As a personal trainer, the majority of clients that you will meet are likely to be beginners. You might want to throw them in at the deep end; teaching them tips, tricks and hundreds of different exercises that will help them achieve whatever goals they have set themselves. But unfortunately, this is not the best way to approach personal training beginner clients. When personal training beginner clients, 9 times out of 10 anything will work. They are likely to not have exercised at all before, therefore even the simplest of exercises will have a positive effect.

When personal training beginner clients, you gain so many opportunities. Not only do you have the opportunity to help them reach their fitness goals, you can also have the chance to:

  • Build up their confidence in a gym environment.
  • Introduce them to other people who have a positive mindset, who can support and motivate them.
  • Impact upon their attitude towards health and fitness.
  • Spark up a (possibly life long) passion in exercise and keeping active.

 

tips for personal training beginner clients

 

1. Help clients get over their ‘fear’ of the gym

It is not uncommon for people who are not familiar with a gym environment to have a slight fear of the gym. Being surrounded by ‘fit’ people who know what they are doing can be intimidating or overwhelming to some individuals. Walk new clients around the gym floor if they have no visited before, talk them through different exercises and how to work different machines. Through sessions, you should be able to build up their confidence in a gym environment. By gaining more knowledge and skill, their fear should slowly disappear altogether.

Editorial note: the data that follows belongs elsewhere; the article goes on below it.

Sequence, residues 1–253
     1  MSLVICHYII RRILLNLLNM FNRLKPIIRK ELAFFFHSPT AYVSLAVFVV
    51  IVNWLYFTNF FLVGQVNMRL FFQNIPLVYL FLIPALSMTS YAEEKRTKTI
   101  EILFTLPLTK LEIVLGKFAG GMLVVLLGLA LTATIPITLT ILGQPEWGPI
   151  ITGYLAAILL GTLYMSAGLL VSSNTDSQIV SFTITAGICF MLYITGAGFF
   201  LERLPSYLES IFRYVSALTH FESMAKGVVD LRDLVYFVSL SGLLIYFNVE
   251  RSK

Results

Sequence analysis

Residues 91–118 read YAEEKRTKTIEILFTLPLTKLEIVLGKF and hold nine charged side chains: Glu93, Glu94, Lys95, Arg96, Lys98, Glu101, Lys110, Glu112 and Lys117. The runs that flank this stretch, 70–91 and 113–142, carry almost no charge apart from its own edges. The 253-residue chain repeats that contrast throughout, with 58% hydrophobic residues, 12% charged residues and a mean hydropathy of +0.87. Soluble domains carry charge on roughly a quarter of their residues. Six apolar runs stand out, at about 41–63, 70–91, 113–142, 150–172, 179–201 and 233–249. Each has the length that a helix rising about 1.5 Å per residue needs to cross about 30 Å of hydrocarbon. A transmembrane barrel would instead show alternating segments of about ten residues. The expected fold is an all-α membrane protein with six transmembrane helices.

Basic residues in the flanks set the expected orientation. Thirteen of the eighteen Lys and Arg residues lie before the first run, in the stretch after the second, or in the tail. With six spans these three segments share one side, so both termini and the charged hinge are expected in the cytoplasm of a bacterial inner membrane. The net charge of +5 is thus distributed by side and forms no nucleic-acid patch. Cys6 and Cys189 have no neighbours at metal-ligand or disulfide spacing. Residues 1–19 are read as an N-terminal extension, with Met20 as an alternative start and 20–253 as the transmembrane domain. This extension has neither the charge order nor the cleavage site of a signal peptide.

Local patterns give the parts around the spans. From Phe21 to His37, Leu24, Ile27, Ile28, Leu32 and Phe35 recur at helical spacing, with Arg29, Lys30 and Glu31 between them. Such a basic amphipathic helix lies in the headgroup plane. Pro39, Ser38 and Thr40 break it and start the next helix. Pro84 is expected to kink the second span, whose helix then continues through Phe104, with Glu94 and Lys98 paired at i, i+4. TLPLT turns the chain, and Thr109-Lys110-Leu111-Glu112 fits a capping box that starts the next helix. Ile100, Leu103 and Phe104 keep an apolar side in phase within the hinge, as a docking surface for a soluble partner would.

2. Offer ways to help clients get past any other barriers towards physical activity

Individuals who are beginners may have numerous other reasons as to why they haven’t been able to or wanted to approach exercise before. These may include reasons such as

– Not knowing where to start.

– Not having the motivation or will power.

– Not being able to find the time.

As a personal trainer, it is your job to help them to overcome these barriers. Making sessions as convenient and as exciting as possible for clients will keep them enthusiastic about their time with you. It will also keep them wanting to come back.

3. Communicate in a way they will understand

So you have just spent a couple of years training to be a personal trainer, and you’ve all of learning the technical language. These names and phrases will have taken you ages to remember and would have been very confusing to get your head around. So don’t use these terms when personal training beginner clients. Keep the names of exercises, muscles used and types of movements basic. For example, forget about the hamstrings and quadriceps – simply say the front and back of the top of the leg.

4. Explain ‘why’

To ensure your clients keep putting in the hard work outside of sessions, ensure you always explain ‘why’. To anything that you do. Every time you introduce a new exercise, suggest a habit to change or give nutritional advice, explain why you are doing or suggesting it. Draw a line straight back to the client’s goal and how doing this will benefit them. This helps the client make the connection between a certain action and the results they want. It will also motivate them to keep pushing and challenging themselves, rather than opting for an easier option.

5. Look back and reflect

Ensure you look back on the progress your clients have made. And acknowledge it, however small. Make beginner clients aware that results will take time, but frequently remind them that they are going in the right direction to achieving them. Even if they have not quite achieved their long term goal, they may have achieved smaller, more short term goals in the process.

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